Microsoft finds 'critical' FrontPage security flaw

A flaw in the SmartHTML Interpreter contained in Microsoft Corp.'s FrontPage Server Extensions (FPSE) could enable an attacker to run malicious code or to instigate a denial of service attack, Microsoft said in a security advisory late Wednesday.

The flaw affects FrontPage Server Extensions 2000 and FrontPage Server Extensions 2002. Previous versions of this software are no longer supported, and may or may not be affected by these vulnerabilities, Microsoft said in the advisory.

Microsoft categorized the security hole as critical on Internet servers, moderate for intranet servers and no threat to client systems.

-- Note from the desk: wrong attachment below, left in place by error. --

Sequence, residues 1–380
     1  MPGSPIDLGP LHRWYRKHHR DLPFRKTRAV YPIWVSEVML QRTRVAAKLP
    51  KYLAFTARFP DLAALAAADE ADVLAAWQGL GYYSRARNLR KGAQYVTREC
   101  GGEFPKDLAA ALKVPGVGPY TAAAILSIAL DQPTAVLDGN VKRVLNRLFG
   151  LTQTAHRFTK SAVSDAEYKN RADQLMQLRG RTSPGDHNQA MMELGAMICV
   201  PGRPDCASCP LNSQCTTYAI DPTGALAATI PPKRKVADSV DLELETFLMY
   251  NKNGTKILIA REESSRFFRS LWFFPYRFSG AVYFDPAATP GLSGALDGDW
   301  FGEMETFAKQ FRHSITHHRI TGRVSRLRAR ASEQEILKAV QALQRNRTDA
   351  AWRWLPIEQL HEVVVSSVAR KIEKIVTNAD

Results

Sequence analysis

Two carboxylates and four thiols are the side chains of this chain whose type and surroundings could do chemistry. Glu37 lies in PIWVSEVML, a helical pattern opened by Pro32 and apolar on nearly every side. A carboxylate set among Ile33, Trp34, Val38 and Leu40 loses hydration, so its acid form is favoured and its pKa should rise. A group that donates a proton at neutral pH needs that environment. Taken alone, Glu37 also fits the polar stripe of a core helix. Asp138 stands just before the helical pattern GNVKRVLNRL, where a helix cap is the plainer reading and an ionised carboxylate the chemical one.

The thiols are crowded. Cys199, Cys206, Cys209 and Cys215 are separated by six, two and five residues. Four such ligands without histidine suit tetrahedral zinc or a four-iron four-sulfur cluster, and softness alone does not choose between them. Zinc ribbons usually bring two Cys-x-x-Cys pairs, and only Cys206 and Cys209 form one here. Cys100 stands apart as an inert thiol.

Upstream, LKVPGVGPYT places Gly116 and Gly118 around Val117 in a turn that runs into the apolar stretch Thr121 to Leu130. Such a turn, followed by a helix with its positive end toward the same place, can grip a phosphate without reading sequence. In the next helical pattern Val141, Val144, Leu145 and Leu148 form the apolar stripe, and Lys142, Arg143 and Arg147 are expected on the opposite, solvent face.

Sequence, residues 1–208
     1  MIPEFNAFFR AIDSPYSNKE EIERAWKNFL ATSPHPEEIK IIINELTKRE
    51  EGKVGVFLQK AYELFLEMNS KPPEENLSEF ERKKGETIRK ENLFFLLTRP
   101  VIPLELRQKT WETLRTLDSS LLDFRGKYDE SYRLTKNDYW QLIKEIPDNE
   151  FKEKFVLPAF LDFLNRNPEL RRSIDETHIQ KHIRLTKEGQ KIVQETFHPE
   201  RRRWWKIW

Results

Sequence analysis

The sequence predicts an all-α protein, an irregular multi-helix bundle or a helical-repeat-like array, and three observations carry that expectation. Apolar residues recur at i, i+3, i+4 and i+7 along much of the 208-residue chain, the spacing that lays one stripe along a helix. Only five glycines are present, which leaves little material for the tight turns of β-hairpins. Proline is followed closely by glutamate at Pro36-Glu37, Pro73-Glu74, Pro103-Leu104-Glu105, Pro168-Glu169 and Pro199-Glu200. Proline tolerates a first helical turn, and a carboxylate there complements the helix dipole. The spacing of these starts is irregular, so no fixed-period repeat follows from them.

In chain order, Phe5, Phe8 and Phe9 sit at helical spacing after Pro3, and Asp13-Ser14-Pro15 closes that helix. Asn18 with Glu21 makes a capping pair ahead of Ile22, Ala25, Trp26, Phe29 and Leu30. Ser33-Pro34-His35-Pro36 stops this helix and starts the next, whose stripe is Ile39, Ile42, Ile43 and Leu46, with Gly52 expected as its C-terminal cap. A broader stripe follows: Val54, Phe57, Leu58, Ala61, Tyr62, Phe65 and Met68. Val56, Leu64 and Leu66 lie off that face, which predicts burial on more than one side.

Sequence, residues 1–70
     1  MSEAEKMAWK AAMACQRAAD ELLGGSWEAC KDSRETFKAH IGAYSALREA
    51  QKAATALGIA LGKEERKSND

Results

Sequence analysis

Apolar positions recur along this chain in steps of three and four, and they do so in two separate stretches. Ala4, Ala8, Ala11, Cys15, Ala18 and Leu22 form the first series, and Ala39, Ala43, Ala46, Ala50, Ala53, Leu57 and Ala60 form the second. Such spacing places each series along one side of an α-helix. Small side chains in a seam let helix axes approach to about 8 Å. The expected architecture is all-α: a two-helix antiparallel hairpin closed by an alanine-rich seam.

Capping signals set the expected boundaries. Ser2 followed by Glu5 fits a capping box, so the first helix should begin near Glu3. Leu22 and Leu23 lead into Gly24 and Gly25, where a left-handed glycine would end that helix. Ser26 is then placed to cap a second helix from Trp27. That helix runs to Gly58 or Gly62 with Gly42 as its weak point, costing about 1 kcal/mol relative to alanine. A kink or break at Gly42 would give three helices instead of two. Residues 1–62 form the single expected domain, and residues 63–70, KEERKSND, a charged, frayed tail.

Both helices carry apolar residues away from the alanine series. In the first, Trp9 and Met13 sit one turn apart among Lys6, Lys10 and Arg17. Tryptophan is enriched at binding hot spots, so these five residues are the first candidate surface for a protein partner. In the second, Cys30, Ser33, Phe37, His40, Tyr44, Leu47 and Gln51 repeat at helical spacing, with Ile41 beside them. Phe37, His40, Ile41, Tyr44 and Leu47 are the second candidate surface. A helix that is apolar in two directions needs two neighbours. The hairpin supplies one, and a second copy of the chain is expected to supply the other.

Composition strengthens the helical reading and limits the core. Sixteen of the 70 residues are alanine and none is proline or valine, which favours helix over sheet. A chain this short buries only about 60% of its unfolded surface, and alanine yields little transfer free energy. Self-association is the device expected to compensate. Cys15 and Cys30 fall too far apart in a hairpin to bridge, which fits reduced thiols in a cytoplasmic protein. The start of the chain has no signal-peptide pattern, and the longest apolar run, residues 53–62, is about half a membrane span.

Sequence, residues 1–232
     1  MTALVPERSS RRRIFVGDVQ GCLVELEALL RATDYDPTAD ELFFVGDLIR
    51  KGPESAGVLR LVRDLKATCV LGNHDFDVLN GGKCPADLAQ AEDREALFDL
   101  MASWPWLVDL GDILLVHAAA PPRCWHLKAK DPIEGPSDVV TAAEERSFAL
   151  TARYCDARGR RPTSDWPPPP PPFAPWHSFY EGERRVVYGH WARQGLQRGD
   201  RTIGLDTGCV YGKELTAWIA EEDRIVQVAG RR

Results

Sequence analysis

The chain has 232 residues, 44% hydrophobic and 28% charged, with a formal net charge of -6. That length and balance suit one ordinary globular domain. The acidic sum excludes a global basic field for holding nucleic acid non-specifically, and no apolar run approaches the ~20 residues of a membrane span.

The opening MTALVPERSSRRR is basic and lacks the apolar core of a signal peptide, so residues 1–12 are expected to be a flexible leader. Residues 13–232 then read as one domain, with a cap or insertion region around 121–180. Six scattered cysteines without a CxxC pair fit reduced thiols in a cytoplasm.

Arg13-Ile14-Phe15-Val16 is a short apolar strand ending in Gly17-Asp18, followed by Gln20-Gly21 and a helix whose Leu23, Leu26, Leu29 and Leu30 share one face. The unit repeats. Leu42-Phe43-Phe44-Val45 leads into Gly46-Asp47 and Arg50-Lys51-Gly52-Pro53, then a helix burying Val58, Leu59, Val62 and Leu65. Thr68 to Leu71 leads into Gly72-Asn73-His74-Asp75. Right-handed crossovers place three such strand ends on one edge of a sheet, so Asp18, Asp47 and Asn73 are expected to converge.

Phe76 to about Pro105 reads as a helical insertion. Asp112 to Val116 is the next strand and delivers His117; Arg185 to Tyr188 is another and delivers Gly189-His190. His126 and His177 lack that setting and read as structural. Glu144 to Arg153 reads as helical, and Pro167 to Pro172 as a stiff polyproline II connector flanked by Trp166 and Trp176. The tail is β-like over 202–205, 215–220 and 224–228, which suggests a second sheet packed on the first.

Microsoft advised Web site administrators to apply the available patch, or to ensure that the SmartHTML Interpreter is not available on the server by using a tool called the IIS Lockdown Tool. FPSE installs automatically on IIS (Internet Information Server) versions 4.0, 5.0 and 5.1, and can be uninstalled manually.

The vulnerability occurs because of a flaw in the FrontPage Server Extensions SmartHTML interpreter. The interpreter can enter a mode in which it consumes all processor availability on a Web server using FrontPage Server Extensions 2000.

The flaw acts differently in FrontPage Server Extensions 2002, resulting in a buffer overrun if the server receives a request for a particular type of Web file, along with some specific parameters. That could allow an attacker to run malicious code on that server., Microsoft said.

FrontPage Server Extensions is a set of tools that can be installed on a Web site built with Microsoft's FrontPage development software. The tools allow authorized personnel to manage the server and also add functions that are frequently used by Web pages, such as search and forms support.

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